What Traveling With Strangers Taught Me About My Social Anxiety

Elizabeth Enochs for Bustle

Social anxiety is a fairly common anxiety disorder. About 15 million people in the U.S. struggle with social anxiety disorder (SAD), and many of those people deal with other anxiety disorders as well. Unlike many anxiety disorders, which disproportionately affect women, SAD affects men and women equally. Still, despite the fact that we’re seeing more mental health coverage than ever these days, social anxiety continues to be misunderstood and stigmatized by many — including those of us who actually have it. On top of that, in a study published in the Journal of Abnormal psychology last year, researchers found that fear of the unknown can compound many anxiety disorders. Since traveling to new places with all new people presents a plethora of unknowable situations, it's not surprising that going somewhere foreign makes even the most enthusiastic travelers deal with lots of anxiety. There are so many misconceptions around what it’s like to have a social anxiety disorder, and many of those are exacerbated when you're in an environment of mostly strangers. But when I took a sailing trip in Ibiza with Topdeck Travel, a travel company that specializes in group trips for millennials, I learned a lot about how my social anxiety works when I'm traveling alone — and how to manage it for my future solo travels.

It's Important To Talk About Anxiety

On the first day of sailing, my fellow topdeckers asked me what kind of stories I might write about our trip. I appreciated their curiosity, but I instantly felt the familiar dread I always feel when I'm about to discuss my anxiety. To be fair, I don't think anyone has ever directly made fun of me for being a person who deals with social anxiety — but mental health stigma is still very real, and I can tell you that dealing with it is exhausting.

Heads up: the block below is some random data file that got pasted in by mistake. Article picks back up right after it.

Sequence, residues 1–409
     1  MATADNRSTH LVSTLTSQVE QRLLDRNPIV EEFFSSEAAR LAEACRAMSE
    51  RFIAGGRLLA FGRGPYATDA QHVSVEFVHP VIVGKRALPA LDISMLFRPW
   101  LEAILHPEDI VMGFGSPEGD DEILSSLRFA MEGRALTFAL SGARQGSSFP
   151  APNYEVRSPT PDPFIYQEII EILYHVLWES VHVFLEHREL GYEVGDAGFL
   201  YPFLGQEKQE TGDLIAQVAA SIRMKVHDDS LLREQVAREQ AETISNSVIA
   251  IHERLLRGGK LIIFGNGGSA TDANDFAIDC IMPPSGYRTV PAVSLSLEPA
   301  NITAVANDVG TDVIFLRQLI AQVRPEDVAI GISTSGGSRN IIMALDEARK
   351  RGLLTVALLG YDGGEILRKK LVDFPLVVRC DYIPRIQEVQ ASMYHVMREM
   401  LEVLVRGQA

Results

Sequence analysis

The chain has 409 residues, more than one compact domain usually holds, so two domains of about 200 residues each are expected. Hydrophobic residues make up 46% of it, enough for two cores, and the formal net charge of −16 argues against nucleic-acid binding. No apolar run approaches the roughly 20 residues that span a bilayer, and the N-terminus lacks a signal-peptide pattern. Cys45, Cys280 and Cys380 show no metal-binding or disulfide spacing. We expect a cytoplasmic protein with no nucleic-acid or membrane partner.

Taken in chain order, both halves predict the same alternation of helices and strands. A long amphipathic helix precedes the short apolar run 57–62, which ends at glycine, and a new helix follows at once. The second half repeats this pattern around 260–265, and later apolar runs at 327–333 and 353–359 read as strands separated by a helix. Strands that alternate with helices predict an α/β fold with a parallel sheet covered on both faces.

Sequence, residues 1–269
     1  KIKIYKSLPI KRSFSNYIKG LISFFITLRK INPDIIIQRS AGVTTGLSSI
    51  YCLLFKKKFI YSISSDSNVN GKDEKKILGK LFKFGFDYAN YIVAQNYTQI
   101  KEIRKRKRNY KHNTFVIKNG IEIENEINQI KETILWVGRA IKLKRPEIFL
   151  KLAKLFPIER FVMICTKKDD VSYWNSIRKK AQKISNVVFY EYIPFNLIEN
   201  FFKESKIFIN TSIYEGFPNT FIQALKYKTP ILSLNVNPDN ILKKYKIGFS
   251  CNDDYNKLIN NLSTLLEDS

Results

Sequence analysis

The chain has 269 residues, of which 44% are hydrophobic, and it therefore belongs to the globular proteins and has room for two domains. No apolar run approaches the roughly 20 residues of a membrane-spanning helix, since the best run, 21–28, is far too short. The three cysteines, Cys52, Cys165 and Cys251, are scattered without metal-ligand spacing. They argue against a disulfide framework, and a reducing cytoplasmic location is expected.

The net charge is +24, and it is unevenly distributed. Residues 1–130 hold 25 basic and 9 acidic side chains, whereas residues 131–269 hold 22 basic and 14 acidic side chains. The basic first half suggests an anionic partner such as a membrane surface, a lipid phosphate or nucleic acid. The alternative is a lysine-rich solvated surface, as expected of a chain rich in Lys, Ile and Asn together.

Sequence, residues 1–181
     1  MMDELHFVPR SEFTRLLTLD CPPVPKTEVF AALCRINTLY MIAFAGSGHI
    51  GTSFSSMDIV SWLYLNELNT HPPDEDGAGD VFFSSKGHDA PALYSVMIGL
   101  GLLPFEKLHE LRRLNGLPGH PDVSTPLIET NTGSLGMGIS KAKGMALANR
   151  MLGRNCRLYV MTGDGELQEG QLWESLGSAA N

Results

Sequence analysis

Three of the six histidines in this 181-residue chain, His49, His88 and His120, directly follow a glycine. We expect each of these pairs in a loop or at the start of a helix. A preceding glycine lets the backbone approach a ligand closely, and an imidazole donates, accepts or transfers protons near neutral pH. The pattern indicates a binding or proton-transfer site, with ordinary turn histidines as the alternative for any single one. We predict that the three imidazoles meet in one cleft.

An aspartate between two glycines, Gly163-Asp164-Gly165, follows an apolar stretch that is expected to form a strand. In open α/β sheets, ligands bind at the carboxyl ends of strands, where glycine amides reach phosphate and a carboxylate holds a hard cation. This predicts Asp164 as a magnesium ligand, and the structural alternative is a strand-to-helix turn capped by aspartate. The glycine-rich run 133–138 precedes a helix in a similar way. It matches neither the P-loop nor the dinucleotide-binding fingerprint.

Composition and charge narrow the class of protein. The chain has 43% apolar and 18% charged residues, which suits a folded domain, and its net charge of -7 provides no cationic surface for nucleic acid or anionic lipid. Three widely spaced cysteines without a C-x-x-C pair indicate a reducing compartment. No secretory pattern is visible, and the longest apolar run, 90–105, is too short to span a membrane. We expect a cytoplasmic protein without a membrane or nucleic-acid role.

Fortunately, I had nothing to worry about on the boat. When I somewhat reluctantly told my sail-mates that I would be writing about social anxiety, they couldn't have been more polite or supportive with their responses. It was such a relief for me, because one of the most difficult things about coping with social anxiety is worrying about how you'll be perceived for admitting to it.

Looking back, I'm so glad my fellow travelers asked me about my anxiety. Each of those short conversations helped me feel a little less pressure to be talkative or act extroverted when I wasn't in the mood—and that made my whole trip more relaxing. Now that I know what it's like to vacation with strangers, I think it makes perfect sense to spend a little bit of day one telling each other what socializing is typically like for you, and how you prefer to interact with other people.

It's OK To Be "The Quiet One" If I Needed To

I feel like there must be times when my social anxiety (and just general anxiety) leads me to act painfully awkward or unintentionally rude, but I also know that I usually feel like a giant weirdo no matter what I do or say. On top of that, though I truly enjoy meaningful conversations with loved ones and strangers alike, sometimes I literally don't have the mental energy to socialize with other humans.

I was somewhat concerned about being at sea with strangers for three full days. I was excited about meeting people, but I also knew going that long without proper alone time would be challenging for me. Luckily, by the end of day two I realized something that made the rest of my trip even smoother: It's OK to be the "quiet one."